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There’s no place on earth untouched by human activity: This was clear as Lucas Foglia whizzed across the vast, white expanse of Alaska's Juneau Ice Field last summer. He was riding an old pair of skis towed by scientist Uwe Hofmann, who periodically stopped his snowmobile to measure the rapidly melting glacier.
“It was an unforgettable experience,” says Foglia, a photographer featured in WIRED’s December issue. "Being in a place that big and wild made me feel small in a way I had never felt before, yet I knew that humans as a whole were changing that landscape.”
Foglia - Tension - Book - Human - Nature
Foglia explores this tension in his stunning new book Human Nature. It features nearly 60 photographs that illustrate the varying ways nature impacts humans and humans impact nature—for better or worse. "It focuses on our relationship with nature, how we need wild places even if they have been shaped by us," Foglia says. "I think of each photo in the book as the tip of the iceberg that hopefully points viewers to the larger story underneath the surface of the image."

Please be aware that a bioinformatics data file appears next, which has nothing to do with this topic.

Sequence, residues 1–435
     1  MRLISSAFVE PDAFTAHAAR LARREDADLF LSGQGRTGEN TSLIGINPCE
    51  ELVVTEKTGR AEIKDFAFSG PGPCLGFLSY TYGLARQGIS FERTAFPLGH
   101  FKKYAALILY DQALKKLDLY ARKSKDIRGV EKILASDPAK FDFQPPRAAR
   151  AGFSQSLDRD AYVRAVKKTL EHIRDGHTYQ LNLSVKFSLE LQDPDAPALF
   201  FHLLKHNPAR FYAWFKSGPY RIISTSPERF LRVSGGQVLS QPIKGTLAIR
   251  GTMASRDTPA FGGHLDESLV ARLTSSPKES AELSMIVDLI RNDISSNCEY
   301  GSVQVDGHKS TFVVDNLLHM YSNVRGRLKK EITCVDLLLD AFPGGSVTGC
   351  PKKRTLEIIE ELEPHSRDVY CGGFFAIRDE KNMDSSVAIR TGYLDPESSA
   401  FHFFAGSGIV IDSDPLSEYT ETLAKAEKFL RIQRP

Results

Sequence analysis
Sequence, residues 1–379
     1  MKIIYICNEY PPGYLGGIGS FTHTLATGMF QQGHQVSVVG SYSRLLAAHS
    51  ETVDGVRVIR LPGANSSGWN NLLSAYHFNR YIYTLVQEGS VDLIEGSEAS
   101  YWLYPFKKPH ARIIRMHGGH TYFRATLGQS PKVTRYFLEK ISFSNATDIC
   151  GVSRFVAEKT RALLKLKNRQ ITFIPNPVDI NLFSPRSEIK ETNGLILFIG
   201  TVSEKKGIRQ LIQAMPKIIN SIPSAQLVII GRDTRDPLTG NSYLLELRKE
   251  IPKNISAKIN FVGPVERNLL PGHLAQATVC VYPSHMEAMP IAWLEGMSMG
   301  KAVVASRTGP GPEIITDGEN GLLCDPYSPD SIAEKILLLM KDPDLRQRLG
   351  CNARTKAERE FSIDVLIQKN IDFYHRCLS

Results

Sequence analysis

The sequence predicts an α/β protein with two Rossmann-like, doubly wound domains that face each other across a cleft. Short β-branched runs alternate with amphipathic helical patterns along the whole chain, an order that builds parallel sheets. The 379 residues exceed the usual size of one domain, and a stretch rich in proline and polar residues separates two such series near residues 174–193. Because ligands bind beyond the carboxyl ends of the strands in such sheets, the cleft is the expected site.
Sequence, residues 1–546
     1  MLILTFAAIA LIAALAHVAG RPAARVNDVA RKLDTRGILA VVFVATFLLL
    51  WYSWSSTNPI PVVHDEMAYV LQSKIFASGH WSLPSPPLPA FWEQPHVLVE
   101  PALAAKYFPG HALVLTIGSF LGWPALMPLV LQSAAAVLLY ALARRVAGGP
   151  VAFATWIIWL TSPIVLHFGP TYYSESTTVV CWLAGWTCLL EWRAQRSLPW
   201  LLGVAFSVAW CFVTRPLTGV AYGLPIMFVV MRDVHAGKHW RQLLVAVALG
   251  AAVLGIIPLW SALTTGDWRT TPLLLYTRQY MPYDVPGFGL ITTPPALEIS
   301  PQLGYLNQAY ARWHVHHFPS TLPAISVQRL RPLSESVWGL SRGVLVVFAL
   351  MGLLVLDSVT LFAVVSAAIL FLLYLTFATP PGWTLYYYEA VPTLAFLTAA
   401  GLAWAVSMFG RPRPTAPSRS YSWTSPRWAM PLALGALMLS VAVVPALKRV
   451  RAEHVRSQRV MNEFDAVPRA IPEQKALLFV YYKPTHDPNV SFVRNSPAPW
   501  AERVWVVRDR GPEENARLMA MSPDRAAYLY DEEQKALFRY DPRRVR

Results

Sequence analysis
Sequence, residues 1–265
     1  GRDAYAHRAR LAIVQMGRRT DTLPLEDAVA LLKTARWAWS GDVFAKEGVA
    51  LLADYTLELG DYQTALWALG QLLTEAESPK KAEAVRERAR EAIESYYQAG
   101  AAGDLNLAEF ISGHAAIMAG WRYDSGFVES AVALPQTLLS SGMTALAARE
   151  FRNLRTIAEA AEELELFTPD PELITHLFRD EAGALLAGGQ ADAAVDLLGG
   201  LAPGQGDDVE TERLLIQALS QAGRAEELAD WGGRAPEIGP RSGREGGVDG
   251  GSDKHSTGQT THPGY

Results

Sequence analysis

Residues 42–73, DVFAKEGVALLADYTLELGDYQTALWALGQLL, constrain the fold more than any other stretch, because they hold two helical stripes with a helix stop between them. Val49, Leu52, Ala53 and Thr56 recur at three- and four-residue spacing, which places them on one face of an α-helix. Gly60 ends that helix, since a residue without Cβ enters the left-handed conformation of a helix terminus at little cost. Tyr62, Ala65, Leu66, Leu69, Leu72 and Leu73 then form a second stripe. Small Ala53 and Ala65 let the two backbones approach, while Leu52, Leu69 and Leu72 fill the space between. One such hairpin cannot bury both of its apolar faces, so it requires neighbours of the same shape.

Foglia grew up on a farm in rural Long Island. Watching the surrounding fields slowly being swallowed up by housing tracts inspired his work documenting the natural environment—a focus that grew in intensity after Hurricane Sandy slammed into the eastern seaboard in 2012. “Climate change is on the news every day these days, but...
(Excerpt) Read more at: WIRED
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